Recent comments by presidential hopeful Michele Bachmann have stirred up the discussion about gay marriage once again. While speaking to a group of high school…
The thing that gives me hope is the ability to experience and learn from one another.
A few years ago I was flying from Miami to Detroit when I met a gentleman of the Baha’i faith. Normally I am that person who will make eye contact with you when you sit down but keep fervently to myself for the entirely of the flight. But somehow this gentleman and I ended up in conversation about faith and I asked him questions for the entire two hours. “So, what happens after you die?” “What about redemption?” “Do you have scriptures?” “How does this impact your everyday life?” It was a truly fascinating conversation as I had never met someone like him before. Nothing thrills me more than to have an open conversation with someone of beliefs very different from mine. We didn’t argue, debate, or try to convert each other. We just talked.
This last summer my friend Nathan came up to visit from Virgina. We grew up together but he moved to the south partway through high school. We fought a lot through high school but he was a steadfast friend and despite our disagreements kept me from making more than a few stupid mistakes. We sat at a Chipotle in the middle of town on a warm evening talking. Another friend from high school, Josiah, was there. I never really talked much to him while we were in youth group together, but after running into him several times over the summer have discovered just how intelligent and funny he is. Nathan and I talked non-stop for a couple of hours, occasionally checking to make sure we hadn’t bored Josiah to tears. After the several years Nathan had been away, we were able to pick up right where we left off (without the fighting). I would jump into stories and kept forgetting that he hadn’t been here the whole time for the back story.
This Christmas there was a gift exchange at work. Twenty-six of us sat in one of the conference rooms, ate pizza, and roared as each new gift was opened and gift-stealing commenced. I had a moment where everything got quiet in my head and I just sat back in awe. To my right was a newer coworker who has been amazing to work with who eventually was envious of the sauerkraut and Best Buy gift card I ended up with. To my left was one of the first people I met on the job who has become a good friend, go-to nerd friend, and the one who ended up with fish boxers. He tried to pawn them off for the rest of the game.
As I looked around the room I saw familiar faces and new faces, but each of them melded into the culture and committed to being a part of our team. Some of my friends at work are Pinball championships, owners of gigantic music libraries, avid Doctor Who fans, gamers, musicians, beer connoisseurs, math aficionados, amazing graphic designers, and all of them are full of stories. All of them are extremely smart and bring completely different things to the table. Despite being so varied and different, they collectively make up a great team that I am proud to be a part of.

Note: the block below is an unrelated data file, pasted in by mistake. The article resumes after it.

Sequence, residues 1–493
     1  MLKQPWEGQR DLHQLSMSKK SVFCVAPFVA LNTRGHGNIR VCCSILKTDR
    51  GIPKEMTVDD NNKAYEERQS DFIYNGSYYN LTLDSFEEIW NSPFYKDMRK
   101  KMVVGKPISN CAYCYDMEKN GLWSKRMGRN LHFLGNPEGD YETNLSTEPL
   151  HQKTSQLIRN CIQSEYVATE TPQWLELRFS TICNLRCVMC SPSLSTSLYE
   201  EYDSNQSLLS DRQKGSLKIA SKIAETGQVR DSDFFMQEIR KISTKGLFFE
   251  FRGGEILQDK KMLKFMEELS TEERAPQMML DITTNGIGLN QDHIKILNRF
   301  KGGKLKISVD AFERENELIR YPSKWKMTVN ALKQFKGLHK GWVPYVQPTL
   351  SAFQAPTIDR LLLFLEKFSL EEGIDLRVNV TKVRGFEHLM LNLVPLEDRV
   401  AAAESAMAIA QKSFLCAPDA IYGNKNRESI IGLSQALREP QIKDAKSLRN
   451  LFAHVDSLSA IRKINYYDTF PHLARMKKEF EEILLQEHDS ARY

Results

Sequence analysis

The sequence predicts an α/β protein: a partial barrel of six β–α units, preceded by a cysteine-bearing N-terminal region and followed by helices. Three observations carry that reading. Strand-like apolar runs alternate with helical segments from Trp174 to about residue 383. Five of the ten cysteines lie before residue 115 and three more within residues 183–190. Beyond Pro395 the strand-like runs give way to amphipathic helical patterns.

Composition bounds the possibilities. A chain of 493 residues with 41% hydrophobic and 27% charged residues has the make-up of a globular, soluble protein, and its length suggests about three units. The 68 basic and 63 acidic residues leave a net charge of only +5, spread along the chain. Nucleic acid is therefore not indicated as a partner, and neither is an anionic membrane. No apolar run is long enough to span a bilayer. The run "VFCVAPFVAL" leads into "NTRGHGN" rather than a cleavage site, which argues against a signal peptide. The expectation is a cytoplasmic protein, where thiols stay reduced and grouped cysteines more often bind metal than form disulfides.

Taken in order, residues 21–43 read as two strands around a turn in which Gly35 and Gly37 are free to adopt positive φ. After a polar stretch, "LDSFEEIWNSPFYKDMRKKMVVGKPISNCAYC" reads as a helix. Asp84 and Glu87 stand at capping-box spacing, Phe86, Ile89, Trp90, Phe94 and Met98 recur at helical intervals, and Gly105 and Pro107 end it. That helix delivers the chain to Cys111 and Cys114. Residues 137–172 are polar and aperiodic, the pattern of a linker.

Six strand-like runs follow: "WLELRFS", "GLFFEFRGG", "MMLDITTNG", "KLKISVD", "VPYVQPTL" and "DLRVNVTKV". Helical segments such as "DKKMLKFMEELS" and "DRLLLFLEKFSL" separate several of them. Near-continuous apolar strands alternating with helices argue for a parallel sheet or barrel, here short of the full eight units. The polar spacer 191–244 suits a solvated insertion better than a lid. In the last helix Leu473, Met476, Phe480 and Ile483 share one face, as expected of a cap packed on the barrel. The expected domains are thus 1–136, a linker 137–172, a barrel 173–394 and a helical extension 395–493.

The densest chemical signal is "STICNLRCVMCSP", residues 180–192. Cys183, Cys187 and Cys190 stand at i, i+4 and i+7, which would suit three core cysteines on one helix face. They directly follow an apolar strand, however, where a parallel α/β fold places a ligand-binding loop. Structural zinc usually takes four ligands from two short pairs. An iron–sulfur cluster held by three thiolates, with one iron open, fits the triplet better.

I met up with some girlfriends at Mainstreet Billards a little before Christmas. One of them, Heather, I had also went to youth group with. We were semi-friends back in high school but we didn’t really spend time with the same people. I didn’t see her for a couple of years after we graduated and then I ran into her at a coffee shop accidentally and then shortly thereafter was brought into her group of friends. She me invited to her house, parties, and wedding. After hanging out and drinking a cocktail that tasted like crushed vitamin C at Mainstreet, I ran next door and got some coffee from another friend, Kate, who I met a few months after moving to Michigan.
Walking back to my car in the snow, my fresh Kona bean coffee in my hands, all I could do was smile. Christmas and New Year’s always makes me more nostalgic than usual, but the thought I couldn’t shake was what incredible people I have in my life.
There are times where the tedium of life gets me feeling antsy, like those days I come back from a big grocery store trip only to discover I’ve missed one crucial item. Friends and family members are visited by illness and have brushes with death and I question why people don’t opt-out of this life more often.
But what brings me back to the surface are the magnificent souls I have the opportunity to interact with.
This gives me hope because my understanding of humanity is constantly changing. I meet new people with new stories, new hobbies, and new accents. I get the chance to see beyond my own little boring life and swap anecdotes with strangers who might become my next best friend.
People help me grow and give my heart fuel to continue on to another day. I get to hear new perspectives, understand new issues, and share passions with them. I have people I can text at midnight when I’m having a bad night, and people I see on a regular basis who care about me. There are those I don’t see for a long time, who, when I run into them remind me just how much I miss them.
This is what gives me hope. I get the chance to experience another person in all their humanity and they get to experience me in mine. I have the chance to cry in front of them, laugh hysterically at their stories, share beliefs, geek out over our favorite shows, and listen to them. This is the greatest gift of being a human.
Why don’t people opt-out more? Because, man, these people are incredible.